When an assessee in India gives away or creates a charge on their business assets, they need to obtain prior permission and a certificate from an Assessing Officer. This is a precedent set under Section 281 of the Income Tax Act. However, many assessees are unaware of the implication and significance of obtaining such a certificate. The Income Tax Department can deem any transaction by sale, gift, exchange or mortgage as void if one fails to get prior permission and certificate.
Read to know about the guidelines under Section 281 in detail.
As per Section 281 of the Income Tax Act, India, if an assessee creates a charge in favour of another individual and transfers an asset, including shares or other securities, without submitting an application form to an Assessing Officer, such charge or transfer shall be deemed void.
However, if assessees obtain permission from the AO before creating a charge or transferring assets, then the transaction can become successful. To obtain permission or a No-objection Certificate (NOC), one has to submit an application form following the guidelines mentioned below. Section 281 exists in order to restrict the chances of assessees transferring their assets to evade taxes.
One must note that Section 281 is only applicable when the tax amount or other surcharge is more than Rs. 5,000. On top of this, the value of assets charged or transferred should exceed Rs. 10,000.
To ensure that creating a charge on business assets takes place successfully, one needs to follow certain guidelines. Through these guidelines, you will be able to obtain a certificate under Section 281 of the Income Tax Act.
Section 281 of the Income Tax Act form contains four parts that one has to fill out diligently. The parts are:
Under this, assessees need to provide their some personal and residential details, such as the following:
Under this section, assessees need to provide all details regarding any outstanding demand(s) as of the application date. In a tabular format, one will have to mention:
Assessees will have to furnish details regarding their assets that do not form part of the stock-in-trade of their business as of the application date. These assets can be land, building, securities, fixed deposits, machinery, plants and shares. In a tabular format, assessees need to provide:
Probably the most vital part of this form is mentioning the transaction details for which one is submitting this form. Under this section, an assessee provides the following details regarding the transfer of assets or creation of charge:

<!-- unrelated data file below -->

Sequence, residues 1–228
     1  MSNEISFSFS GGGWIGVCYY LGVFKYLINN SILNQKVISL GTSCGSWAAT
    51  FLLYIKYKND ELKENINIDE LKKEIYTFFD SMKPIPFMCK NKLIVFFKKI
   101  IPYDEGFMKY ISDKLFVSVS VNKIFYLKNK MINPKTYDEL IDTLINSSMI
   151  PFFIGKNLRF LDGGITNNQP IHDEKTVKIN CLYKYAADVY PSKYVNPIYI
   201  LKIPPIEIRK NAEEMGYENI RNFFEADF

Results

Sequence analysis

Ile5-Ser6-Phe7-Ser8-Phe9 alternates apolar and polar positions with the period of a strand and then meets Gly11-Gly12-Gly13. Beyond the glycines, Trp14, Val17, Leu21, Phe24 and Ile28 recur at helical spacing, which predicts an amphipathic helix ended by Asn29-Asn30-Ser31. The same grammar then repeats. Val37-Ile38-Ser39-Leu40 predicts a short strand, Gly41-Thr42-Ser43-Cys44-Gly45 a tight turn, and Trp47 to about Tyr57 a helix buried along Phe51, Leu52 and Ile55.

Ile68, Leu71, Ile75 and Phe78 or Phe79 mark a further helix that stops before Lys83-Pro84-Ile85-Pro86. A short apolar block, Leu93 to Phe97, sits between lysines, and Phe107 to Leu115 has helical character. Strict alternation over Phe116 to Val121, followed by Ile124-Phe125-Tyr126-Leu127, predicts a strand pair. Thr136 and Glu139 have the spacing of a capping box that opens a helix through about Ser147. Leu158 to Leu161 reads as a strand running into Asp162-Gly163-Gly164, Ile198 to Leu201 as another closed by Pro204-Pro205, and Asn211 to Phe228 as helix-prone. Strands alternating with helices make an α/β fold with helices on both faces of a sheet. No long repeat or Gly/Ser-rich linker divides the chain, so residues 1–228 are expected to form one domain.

Tax evasion is a sad reality in India. Many individuals make use of loopholes in the taxation system to avoid tax liability. Section 281 of the Income Tax Act tries to ensure that assessees do not evade taxes while creating a charge or transferring business assets.
Ans: Obtaining a No-objection Certificate from an Assessing Officer while transferring or creating a charge is mandatory under certain circumstances. If the value of the asset under the transaction is above Rs. 10,000 and tax implication is more than Rs. 5,000, you need to obtain permission.
Ans: No-objection Certificate is a legal document issued by an individual stating that they have no objection to the information in this document. An agency, organisation or institute, such as the Income Tax Department can issue this certificate.
Ans: Upon filing the income tax return, the Income Tax Department assesses one’s annual income and tax paid. However, if the IT department finds that the tax paid by an assessee is lower than the actual amount, they will issue a demand notice. In this case, you have an outstanding demand.
Ans: In India, the Central Board of Direct Taxes performs the role of administering income tax laws. It is also responsible for providing input on policies and planning direct taxes. Most importantly, they analyse assessments, tax evasions and collection of taxes.
Ans: Assessing Officers are responsible for assessing the income tax returns filed by taxpayers within their jurisdiction. They are appointed by the Income-tax Department and are crucial to the process of upholding taxation laws in India.
|Section 145A||Section 80P||Section 92CD|
|Section 281||Section 32(2)||Section 270A|
|Section 1399||Section 192A||Section 11|
|Section 35AD||Section 80C||Section 32|
|Section 206AA||Section 92E||Section 9|
|Section 153||Section 10(10D)||Section 194DA|
|Section 10AA||Section 80GG||Section 80TTB|
|Section 80JJAA||Section 1940||Section 23B|
|Section 206AB||Section 44AB||Section 87A|
|Section 115JB||Section 154||Section 194D|
|Section 194J(1)(ba)||Sectio 80U||Section 194K|
|Section 56-59||Section 80TTA||Section 234C|
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